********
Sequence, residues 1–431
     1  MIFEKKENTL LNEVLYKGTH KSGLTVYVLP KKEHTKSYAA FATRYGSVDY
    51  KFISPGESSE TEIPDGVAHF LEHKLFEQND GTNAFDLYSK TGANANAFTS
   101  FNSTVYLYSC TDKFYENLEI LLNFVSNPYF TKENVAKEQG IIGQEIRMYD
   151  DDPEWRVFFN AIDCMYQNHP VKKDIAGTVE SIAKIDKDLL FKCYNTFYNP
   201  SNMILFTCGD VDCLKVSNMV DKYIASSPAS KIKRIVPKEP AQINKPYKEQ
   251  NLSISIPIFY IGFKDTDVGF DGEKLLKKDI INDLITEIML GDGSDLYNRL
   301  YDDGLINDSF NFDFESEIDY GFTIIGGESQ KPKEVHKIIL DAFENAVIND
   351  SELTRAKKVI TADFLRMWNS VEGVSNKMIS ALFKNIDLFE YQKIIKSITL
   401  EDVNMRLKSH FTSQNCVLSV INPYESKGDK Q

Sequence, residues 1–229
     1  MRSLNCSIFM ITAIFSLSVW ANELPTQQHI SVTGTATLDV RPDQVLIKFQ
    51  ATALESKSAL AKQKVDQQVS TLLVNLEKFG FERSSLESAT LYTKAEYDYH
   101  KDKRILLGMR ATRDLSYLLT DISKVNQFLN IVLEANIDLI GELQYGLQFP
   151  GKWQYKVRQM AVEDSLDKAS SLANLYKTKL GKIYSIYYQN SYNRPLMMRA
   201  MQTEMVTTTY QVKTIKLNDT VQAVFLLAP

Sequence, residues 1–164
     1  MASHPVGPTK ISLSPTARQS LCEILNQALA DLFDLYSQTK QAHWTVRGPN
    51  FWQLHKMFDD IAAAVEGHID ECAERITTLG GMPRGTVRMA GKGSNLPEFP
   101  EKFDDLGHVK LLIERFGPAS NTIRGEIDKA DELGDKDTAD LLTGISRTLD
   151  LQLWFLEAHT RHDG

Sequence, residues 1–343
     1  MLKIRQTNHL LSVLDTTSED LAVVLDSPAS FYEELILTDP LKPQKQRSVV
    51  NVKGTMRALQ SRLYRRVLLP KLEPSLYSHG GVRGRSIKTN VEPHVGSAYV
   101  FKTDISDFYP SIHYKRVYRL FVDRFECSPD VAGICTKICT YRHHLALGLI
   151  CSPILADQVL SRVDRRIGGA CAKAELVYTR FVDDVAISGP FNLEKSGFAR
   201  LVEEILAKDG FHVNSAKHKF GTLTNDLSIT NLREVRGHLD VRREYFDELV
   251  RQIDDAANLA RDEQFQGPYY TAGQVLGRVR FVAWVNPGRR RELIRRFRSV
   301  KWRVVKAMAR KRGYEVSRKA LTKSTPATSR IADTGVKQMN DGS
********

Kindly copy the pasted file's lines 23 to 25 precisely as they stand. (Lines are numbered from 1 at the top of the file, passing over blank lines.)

     1  MLKIRQTNHL LSVLDTTSED LAVVLDSPAS FYEELILTDP LKPQKQRSVV
    51  NVKGTMRALQ SRLYRRVLLP KLEPSLYSHG GVRGRSIKTN VEPHVGSAYV
   101  FKTDISDFYP SIHYKRVYRL FVDRFECSPD VAGICTKICT YRHHLALGLI